During the course of a game most players are limited in their number of possessions, therefore it's important to make the most of each opportunity. In this brief article I will be focusing on the often-overlooked first touch.
What first touch can do for you
Paying attention to the first touch will increase the player's ability to maintain possession, improve their speed of play, and allow them to be more successful at the higher levels. 'First touches' can be improved by planning things like where is the best place to go with your touch, how to take the first touch, which is the proper foot, how should my body be turned, etc.
Location of the first touch
Where is the best place to take your first touch? This space I call the "positive space" or the optimal space which allows the player more possession time. The positive space can be away from pressure, over pressure or by pressure. Players receiving the ball need to identify where the opposition is, where their own teammates are and how best to move the ball.
Seeing possible options prior to receiving the ball will give you the best chance to do this. Taking your touch out of pressure will give you additional time to make a better decision. Questions to ask yourself: Where is the pressure coming from? Where do I want to go? How do I want to take the ball and at what speed do I need to do it at? Do I need to change the point of attack? Do I want to attack the goal?
Using your downfield foot
The process of receiving the ball into a positive space can be the difference between getting a good shot off and missing an opportunity altogether. At UCSB we stress the importance of receiving the ball with the downfield foot. When turned side on, with your back to the sideline, the downfield foot is the foot closest to the goal you are attacking.
If you are on the left wing the downfield foot is your left foot, and if you are on the right wing then the downfield foot is your right foot. Focusing on the downfield foot allows you to have your body open to see more of the field, hence allowing more opportunities for connecting with your teammates. Also, by using this technique you are able to put the defenders under pressure by going at them on the dribble.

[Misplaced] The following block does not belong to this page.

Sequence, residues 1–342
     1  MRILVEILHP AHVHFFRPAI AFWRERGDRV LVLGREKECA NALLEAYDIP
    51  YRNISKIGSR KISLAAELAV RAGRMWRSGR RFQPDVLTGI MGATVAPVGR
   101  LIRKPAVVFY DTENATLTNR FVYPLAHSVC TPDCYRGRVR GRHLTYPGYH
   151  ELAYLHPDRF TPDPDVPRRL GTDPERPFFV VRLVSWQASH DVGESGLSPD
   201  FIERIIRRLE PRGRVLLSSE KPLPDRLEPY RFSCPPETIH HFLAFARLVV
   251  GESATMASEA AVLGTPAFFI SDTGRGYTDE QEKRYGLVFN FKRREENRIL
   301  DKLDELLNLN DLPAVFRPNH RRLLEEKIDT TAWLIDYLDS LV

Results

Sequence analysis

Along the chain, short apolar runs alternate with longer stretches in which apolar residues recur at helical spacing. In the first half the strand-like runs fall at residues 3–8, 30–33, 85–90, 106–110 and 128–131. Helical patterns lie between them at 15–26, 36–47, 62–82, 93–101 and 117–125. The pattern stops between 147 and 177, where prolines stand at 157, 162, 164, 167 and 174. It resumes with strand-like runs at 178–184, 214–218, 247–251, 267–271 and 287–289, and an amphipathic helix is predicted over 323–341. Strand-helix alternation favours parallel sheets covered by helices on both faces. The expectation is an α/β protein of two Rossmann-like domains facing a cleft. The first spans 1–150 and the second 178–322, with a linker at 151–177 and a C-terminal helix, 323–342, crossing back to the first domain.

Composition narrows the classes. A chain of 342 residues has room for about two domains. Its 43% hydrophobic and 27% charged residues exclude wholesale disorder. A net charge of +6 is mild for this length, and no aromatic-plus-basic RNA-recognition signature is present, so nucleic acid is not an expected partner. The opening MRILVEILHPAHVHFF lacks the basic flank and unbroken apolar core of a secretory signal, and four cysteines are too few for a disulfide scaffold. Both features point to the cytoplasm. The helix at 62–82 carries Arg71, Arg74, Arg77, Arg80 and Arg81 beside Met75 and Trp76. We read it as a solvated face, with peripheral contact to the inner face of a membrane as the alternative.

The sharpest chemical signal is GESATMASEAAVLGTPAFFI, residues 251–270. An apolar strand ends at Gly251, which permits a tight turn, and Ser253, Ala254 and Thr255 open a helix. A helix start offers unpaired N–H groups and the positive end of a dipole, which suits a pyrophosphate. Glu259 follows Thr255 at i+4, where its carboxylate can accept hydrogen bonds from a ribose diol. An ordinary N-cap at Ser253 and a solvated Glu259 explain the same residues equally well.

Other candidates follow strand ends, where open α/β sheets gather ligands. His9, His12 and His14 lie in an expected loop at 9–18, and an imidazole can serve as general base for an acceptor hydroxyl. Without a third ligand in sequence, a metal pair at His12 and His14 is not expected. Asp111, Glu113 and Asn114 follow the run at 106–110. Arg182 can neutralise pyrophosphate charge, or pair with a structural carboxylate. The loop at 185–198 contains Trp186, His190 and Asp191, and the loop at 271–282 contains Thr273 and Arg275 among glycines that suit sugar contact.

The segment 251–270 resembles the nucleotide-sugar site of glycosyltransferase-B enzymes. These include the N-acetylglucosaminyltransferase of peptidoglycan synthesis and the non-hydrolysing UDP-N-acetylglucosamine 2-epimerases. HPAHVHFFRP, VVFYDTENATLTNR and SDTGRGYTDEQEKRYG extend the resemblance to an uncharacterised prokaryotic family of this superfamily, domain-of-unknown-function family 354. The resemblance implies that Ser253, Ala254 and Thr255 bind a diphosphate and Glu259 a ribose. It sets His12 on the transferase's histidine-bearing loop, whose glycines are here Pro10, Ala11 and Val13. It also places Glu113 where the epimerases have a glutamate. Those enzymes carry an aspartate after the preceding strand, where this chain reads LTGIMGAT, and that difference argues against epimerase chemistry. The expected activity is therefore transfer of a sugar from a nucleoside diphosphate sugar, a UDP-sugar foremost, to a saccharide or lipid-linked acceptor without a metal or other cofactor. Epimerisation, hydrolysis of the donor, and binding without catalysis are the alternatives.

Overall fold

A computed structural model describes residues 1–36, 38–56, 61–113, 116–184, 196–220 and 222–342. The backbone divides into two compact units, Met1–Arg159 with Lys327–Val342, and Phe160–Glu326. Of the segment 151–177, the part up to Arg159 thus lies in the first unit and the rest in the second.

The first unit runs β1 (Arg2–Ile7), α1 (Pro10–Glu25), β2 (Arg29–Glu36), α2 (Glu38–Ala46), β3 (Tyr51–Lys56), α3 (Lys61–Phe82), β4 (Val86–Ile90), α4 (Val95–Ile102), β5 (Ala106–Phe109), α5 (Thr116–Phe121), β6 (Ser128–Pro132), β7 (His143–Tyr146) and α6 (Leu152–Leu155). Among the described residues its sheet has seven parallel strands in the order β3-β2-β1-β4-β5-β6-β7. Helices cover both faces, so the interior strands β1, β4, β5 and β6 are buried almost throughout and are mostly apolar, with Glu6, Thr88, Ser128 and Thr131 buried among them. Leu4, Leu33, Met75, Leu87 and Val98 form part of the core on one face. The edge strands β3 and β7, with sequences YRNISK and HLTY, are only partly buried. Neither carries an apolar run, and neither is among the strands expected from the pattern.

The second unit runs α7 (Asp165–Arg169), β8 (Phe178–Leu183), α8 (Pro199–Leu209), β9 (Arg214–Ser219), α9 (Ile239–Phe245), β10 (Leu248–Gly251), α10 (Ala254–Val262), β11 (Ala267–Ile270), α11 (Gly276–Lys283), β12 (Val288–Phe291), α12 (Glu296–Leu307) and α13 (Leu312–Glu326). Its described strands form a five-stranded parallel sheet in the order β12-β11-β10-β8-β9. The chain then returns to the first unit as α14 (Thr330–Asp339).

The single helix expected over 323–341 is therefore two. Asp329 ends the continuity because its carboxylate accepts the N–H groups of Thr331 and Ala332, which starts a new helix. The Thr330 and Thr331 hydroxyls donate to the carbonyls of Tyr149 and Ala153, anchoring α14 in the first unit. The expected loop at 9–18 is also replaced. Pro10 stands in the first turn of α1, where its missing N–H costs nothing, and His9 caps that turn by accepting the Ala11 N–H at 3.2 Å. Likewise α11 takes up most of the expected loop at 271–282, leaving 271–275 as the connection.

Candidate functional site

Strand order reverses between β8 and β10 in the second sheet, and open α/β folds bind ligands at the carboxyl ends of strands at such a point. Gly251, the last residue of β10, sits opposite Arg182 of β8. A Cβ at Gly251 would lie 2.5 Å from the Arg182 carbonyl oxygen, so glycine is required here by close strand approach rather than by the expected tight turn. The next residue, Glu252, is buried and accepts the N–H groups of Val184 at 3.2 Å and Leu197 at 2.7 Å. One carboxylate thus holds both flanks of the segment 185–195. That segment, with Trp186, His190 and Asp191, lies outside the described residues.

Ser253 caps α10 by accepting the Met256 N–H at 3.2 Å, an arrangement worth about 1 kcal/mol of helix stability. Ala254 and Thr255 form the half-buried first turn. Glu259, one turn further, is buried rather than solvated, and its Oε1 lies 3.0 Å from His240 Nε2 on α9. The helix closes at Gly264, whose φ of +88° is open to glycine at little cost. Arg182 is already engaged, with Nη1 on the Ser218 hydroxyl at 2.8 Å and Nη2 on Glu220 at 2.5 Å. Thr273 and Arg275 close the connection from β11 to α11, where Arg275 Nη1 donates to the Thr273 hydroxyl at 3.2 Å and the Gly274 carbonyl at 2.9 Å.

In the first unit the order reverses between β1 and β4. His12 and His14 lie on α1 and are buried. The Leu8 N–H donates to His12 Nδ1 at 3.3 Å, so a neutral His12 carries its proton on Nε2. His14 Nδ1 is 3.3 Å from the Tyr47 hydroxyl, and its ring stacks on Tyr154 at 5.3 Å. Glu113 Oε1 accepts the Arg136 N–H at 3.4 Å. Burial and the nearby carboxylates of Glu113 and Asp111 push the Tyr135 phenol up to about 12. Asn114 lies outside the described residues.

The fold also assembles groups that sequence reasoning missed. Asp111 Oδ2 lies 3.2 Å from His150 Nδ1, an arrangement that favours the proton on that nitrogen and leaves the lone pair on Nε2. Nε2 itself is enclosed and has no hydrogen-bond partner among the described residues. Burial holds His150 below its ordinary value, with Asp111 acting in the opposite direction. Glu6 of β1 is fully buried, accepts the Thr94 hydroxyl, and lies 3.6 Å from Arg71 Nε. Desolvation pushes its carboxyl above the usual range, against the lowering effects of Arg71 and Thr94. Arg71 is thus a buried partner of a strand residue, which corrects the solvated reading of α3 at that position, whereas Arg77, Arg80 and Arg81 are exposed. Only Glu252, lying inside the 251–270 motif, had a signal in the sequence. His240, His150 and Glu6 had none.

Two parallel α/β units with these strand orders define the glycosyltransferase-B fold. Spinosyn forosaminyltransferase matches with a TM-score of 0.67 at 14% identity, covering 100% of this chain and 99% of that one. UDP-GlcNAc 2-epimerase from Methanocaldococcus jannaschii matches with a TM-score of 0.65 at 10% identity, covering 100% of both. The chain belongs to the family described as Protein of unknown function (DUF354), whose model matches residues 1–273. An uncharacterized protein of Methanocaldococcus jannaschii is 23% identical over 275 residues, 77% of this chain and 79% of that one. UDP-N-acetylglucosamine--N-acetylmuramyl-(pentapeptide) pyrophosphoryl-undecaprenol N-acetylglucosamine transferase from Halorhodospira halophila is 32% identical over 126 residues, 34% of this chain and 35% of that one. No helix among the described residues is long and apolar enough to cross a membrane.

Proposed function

The drop-step technique
In other situations receiving with the downfield foot can make your second touch a shot on goal or a dangerous cross for a teammate. A second type of touch we focus on at UCSB is the drop step. This is usually done in the center of the field and is used when the player is looking to change the point of attack, or go straight to the goal.
The drop step is done by starting half- turned and facing the goal you are attacking--with your body in an open stance. As you receive the ball let the ball role across your body to your second foot and guide the ball to the opposite side of your body using the inside of your foot. This will allow you to receive the ball from one side of the field and take it to the other side.
Practicing the first touch
Learning how to receive the ball and how to find the positive space takes time and training in situations that force you to act. Our players enjoy a game called "flying changes." This game involves two-on-two with goalkeepers on a field 30 yards by 24 yards. The game is played continuously with a new ball brought into play as the old ball goes out of bounds.
For example: a new ball always starts off the right post. When a ball goes over the end line, the team whose end line was crossed then is given a new ball and end up replacing their two teammates--with the other team's two players staying on to defend. If the ball goes over the sideline, then four new players come into play, with the team who would have had a throw- in bringing the ball into play and now being put on attack.
This game is great for a number of reasons: it involves important skill sets such as two-on-two defending, decision- making in the attack, combining around the goal, finishing and crossing. We progress by adding target players and flank players to make it even more realistic and fun. This game puts players in pressure positions that force them to have a good "positive" first touch in order to get to the goal and be successful.